Are you a Natural Born Spender or Natural Born Saver? Believe it or not, research suggests that—Spender or Saver—you may really be born that way.
In fact, a recent consumer report, showed that spending across all of America has gone up in the last few decades.
If you want to change your financial habits—say cut back on impulsive purchases and save a bit—what can you do?
A good start is to couple up with your counterpart.
Ever noticed that among couples, one person’s often a Saver and one’s a Spender? It’s a good thing. When two Spenders get together, it’s a recipe for financial trouble. Meanwhile, two married Savers may endure a very secure albeit boring lifetime together.
My parents are an example. My dad’s a Saver, my mom’s a Spender. My wife, Lauren, and I are like this too…and I’m the Spender.
But wait, aren’t I personal finance blogger? Yes, yes. But I’m still a Spender. Despite my dad’s efforts to instill a saving ethic in me, when I got out on my own, I ended up more like my mom: Spender. (Maybe it is in my genes.) Although I learned lessons from overspending, spent years repaying big debts, and now have created systems to pay myself first and invest a percentage of my income, when money comes in, my gut wants to spend it, not save it. I have to fight the urge to spend to put money in the bank. I’m a born Spender.
And though Lauren doesn’t set regular saving goals or always stay on top of things like her retirement savings, she’s a born Saver. When Lauren gets paid, she’s reluctant to spend her money, and usually doesn’t. For example, Lauren could use some new clothes to replace casual outfits she’s had since college. She knows she could use new clothes. We have the money to afford new clothes. I give her time to go shopping for new clothes, offering to watch our daughter on weekends. She’ll go shopping for new clothes. And come back empty handed. She can’t bring herself to spend the money. She’s a born Saver.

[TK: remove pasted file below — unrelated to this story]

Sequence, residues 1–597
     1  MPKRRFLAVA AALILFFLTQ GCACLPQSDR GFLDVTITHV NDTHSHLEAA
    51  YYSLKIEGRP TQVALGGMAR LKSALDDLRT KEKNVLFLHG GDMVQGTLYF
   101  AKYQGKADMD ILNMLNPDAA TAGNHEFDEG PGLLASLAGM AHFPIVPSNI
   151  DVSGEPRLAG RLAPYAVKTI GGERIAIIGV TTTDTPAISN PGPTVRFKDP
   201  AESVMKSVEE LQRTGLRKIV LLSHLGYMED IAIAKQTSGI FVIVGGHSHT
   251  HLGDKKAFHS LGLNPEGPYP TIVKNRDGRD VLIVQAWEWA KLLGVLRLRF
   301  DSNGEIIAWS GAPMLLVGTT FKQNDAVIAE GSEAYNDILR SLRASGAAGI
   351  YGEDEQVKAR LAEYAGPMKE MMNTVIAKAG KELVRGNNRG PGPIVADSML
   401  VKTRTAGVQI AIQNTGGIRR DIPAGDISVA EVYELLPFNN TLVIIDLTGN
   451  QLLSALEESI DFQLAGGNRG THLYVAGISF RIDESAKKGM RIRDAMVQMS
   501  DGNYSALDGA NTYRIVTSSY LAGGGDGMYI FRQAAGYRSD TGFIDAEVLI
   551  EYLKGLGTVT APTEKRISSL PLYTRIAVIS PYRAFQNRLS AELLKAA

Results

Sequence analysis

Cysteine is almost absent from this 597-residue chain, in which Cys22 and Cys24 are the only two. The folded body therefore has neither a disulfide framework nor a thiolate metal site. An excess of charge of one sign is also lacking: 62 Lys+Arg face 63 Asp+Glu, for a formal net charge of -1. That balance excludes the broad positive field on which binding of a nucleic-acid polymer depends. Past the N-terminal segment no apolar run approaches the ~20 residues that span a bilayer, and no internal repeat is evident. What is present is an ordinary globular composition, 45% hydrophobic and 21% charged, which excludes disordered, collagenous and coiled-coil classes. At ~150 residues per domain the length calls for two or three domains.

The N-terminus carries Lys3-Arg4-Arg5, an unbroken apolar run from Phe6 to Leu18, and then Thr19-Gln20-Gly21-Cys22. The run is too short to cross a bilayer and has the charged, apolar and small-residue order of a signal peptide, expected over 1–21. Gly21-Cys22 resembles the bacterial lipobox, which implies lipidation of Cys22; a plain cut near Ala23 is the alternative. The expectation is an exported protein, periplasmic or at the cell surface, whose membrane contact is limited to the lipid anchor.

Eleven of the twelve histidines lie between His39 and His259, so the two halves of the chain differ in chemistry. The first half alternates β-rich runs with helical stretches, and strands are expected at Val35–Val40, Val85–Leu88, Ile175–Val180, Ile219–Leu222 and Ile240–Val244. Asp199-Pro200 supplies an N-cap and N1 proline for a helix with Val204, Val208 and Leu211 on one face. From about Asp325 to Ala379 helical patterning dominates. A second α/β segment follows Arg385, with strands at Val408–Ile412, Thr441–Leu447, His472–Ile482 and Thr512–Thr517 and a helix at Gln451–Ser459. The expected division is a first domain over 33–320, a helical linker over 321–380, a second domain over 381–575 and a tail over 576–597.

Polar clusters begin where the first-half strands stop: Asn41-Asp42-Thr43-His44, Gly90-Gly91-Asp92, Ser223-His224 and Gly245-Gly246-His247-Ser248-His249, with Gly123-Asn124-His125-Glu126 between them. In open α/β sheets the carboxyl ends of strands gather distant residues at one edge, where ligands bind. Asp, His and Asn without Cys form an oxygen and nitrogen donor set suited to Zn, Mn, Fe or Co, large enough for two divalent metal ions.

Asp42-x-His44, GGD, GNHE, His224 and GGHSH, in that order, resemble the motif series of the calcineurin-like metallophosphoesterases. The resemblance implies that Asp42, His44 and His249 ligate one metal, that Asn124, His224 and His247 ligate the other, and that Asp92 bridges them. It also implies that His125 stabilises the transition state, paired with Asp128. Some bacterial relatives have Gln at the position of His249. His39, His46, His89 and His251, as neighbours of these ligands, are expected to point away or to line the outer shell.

So when it comes time to make big financial decisions, Lauren and I balance each other. When I want to hurry up and buy something, she suggests we hold off. When Lauren balks at spending money we have on something that could really improve our life, she’s appreciative that I push us forward.
Are you a spender or a saver?
A big step towards reaching your goals is to understand the subconscious forces driving your financial decisions. We like to think that we’re capable of making entirely rational financial decisions, but this is not the case. If you’re a Spender, you’ll need to create systems in your life that make it impossible for your impulsive self to spend your money. And if you’re a Saver, you need to find ways to create permission for yourself to spend and enjoy your money here and there.
You may already know if you’re a Spender or a Saver. If not, quiz yourself:
Spender of Saver? Quiz
When you get a paycheck or another lump sum of money, do you:
- Immediately start thinking of things you could buy with that money?
- Put some of the money in savings, or simply ignore the fact you now have more money than before.
When you are getting ready to make a large purchase, do you:
- Get excited and buy as soon as you can, sometimes too impulsively.
- Feel anxious and put off buying as long as you can.
Do you tend to buy things that you don’t really need?
- Yes, I have collected a lot of crap I shouldn’t have over the years.
- No, I don’t buy something unless it’s absolutely essential.
Obviously, if you answered at least two of these questions “1”, you’re more of a Spender. If you answered two or more “2”, you’re a natural Saver.